Enter the Void

Enter the Void ★★★★★


Just want to take a moment to pat myself on the back. Alongside giving myself proper time to do well with upcoming final projects and essays and such, I've been able to fit in some great movies too for the past week. Two of those great movies (at least I think) will be entering into my top 30 or so. First, we had The Wolf of Wall Street. And now, Enter the Void. When you catch me talking about Nicolas Winding Refn's film Only God Forgives, inevitably, I'm going to say something along the lines of this: I think Only God Forgives is the 21st century equivalent of 2001: A Space Odyssey, and I hope fifty years from now we look back on it the same way we look at 2001 now. If you're expecting me to say Enter the Void now replaces Only God Forgives as that, you'd be partially correct. For now, especially considering I just finished watching this for the first time, and I've seen Only God Forgives about seven or eight times, let's just say they're tied for that coveted title.

Exactly like how the glacial pacing and the strong atmosphere are (reasonable) turn-offs for some with 2001: A Space Odyssey, Enter the Void isn't going to gel with wide audiences super well. On top of having both of those previous aspects, Enter the Void delves deep into the abstract, the demented, and the simply put "tough" aspects of life. Get ready for blood, drugs, trauma, and cum. The lead character isn't what you would call "sympathetic" either. That's not to say Oscar is a bad person. Even after we find out more and more about his life (and his death), there weren't many parts of Oscar that made me want to not follow him. The films of Kubrick to me are about various pieces of humanity. 2001 is to me about knowledge and consciousness. In that case, to apply analysis similar to Enter the Void, I believe this film to be about two distinct concepts: Empathy and, well, "the void."

First, empathy. For almost the entire runtime, even after his death and as we reflect back on his life, we experience things from the perspective of Oscar. We begin with first-person cinematography for the first at least twenty minutes or so. (Amazing stuff, by the way.) From there, we get over the shoulder shots of a young Oscar and him shortly before his demise. And then, after that, we follow others he encountered in his life. The objective of the film isn't to make you like Oscar or Linda or anyone else. Rather, the filmmaking strives to put you in his shoes. As he speaks, his voice rings in your ears. His voice is your voice. As he smokes DMT and trips, you trip with him. Even as he sometimes blinks, you blink with him. And, of course, as he dies, you die with him. His inner monologue and his last fleeting thoughts belong to you as much as they do to him. As someone who strives to feel empathy in any situation I possibly can, this may very well be the most empathetic film I've ever seen.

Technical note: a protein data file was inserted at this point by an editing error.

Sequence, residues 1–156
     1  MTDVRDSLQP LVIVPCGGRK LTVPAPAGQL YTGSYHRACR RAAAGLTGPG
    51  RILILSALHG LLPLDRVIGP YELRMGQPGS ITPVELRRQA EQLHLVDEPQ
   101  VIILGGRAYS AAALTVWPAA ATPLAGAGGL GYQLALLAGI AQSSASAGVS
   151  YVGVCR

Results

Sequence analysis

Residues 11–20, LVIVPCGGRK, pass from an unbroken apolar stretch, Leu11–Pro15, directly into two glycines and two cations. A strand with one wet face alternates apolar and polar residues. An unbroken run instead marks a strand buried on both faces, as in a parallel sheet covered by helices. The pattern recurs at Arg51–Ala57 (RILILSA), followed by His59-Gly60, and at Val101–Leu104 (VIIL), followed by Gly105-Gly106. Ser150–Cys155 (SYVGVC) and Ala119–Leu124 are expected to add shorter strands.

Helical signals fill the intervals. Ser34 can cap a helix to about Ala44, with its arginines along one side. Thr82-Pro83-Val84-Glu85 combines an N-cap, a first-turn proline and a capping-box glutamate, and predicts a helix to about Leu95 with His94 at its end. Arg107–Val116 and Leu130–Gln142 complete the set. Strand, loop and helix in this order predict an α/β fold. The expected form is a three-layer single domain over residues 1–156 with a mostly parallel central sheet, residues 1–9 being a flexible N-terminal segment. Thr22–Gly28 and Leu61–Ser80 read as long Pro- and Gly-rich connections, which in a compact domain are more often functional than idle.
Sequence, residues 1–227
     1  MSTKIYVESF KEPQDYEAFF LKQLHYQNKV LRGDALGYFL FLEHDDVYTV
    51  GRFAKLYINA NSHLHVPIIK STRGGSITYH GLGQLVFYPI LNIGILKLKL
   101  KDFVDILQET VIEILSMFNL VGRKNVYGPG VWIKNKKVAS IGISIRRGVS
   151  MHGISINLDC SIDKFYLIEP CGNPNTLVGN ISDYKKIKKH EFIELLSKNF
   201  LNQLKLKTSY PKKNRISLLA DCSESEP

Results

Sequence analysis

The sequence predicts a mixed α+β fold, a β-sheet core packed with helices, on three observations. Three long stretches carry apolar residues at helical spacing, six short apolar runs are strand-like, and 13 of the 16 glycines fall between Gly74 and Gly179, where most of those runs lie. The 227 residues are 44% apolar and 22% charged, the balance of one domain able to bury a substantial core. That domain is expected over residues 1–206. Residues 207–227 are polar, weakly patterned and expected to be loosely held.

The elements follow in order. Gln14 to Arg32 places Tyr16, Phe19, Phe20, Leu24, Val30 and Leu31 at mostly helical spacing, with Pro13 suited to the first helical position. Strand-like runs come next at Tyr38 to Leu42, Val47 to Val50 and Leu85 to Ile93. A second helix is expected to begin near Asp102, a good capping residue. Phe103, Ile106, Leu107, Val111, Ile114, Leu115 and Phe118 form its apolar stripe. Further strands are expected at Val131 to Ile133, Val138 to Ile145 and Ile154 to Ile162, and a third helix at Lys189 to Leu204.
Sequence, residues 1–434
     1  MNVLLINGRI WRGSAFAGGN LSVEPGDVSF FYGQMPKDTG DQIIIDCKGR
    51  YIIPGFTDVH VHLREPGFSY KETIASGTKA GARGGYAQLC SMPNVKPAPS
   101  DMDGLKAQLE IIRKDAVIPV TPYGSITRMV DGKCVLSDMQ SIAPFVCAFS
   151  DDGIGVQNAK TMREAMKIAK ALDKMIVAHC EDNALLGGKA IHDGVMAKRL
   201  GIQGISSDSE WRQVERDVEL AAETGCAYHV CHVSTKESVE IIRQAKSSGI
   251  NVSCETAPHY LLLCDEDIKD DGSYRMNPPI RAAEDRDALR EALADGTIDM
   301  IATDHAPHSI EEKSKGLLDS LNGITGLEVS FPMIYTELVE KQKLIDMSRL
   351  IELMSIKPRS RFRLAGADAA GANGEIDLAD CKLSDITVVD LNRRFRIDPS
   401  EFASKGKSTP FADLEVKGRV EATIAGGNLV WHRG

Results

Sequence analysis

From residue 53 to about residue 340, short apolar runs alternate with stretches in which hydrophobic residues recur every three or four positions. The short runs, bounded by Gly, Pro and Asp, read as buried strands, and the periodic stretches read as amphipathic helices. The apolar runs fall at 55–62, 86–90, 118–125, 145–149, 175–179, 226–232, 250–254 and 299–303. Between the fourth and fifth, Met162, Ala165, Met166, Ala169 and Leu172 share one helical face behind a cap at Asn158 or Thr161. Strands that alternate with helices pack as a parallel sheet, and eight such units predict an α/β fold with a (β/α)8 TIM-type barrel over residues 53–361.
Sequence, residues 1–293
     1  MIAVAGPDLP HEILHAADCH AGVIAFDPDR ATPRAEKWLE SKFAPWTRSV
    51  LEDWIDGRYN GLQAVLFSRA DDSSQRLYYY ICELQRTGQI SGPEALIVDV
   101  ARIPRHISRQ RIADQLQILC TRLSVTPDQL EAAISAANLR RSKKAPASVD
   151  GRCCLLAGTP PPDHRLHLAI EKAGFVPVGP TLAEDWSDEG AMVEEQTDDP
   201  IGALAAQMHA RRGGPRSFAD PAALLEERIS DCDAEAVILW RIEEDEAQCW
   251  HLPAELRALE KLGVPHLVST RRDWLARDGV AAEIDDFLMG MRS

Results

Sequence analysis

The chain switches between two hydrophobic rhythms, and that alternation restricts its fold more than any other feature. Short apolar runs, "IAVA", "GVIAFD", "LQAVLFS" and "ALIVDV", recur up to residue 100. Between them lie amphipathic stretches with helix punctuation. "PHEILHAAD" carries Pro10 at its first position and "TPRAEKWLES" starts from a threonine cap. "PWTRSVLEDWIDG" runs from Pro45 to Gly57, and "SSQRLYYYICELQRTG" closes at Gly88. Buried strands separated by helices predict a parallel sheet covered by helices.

Now, the void. What is the void? Simple. Whether we exactly verbalize it, or think of it, a particular question is always with us: What happens after we die? Is there Heaven? Hell? Reincarnation? Or, is there nothing? Is the void a literal void, us passing onto nothingness after we've served our time in the real world? Enter the Void offers us a "what-if" scenario of the afterlife. I find it quite beautiful even beyond all the tragedy. Like in A Christmas Carol (Didn't think I would ever compare a Gaspar Noe feature to Charles Dickens, but here we are.), we travel to the past that lead Oscar to become a drug dealer. We travel to the past of Oscar and Linda. The trauma they have had to carry, and the bond they have formed. (And that bond is, uh, really close.) We see the present, as Oscar's body is taken away, and those closest around him all individually react to what has happened. Then, the future. Oscar is dead. He is a voiceless overseer, but he cannot come back to life. Now what? Life goes on. People have to move on, or they'll be as much of a ghost as Oscar. Some move on well, others, not so much. Yet, as we've seen proven in the finale of 2001, with death, there always comes life.

This is a bizarre, equally sadistic and wonderful world we live in, isn't it? Bad things happen to good people, and good things happen to bad people. Good people can do bad things, and bad people can do good things. It's not that the world hates you, it just leaves you to your own devices, and your "success" as a human being relies equal parts on your personal actions and the unspoken randomness of the universe. We get the film's version of the famous "space baby" from 2001, and without going into the exact specifics of it, if your parents hadn't have left the room while you were watching this movie already, it'll get them out of their seats faster than you've ever seen. Yet, like good ol' space baby, I truly love how Enter the Void comes back to where it all began. It's not the first film to do it, but it recognizes the cyclical nature of life and death better than almost any other movie I've seen attempt that. I would say that just believing life really is all just "sex, money, power" is missing the point, but maybe that is the point. It's up to you to decide. You are your own majestic, wonderful creation, but you are not a lone vessel of flesh and thought. You are the product of those that came before you, you are connected to those around you now, and in some kind of way, you will be there for those that come after you. Enjoy life, everybody. Prepare for emptiness, but hope for something after. Neither are known for certain, but the one thing we do have for certain is now.



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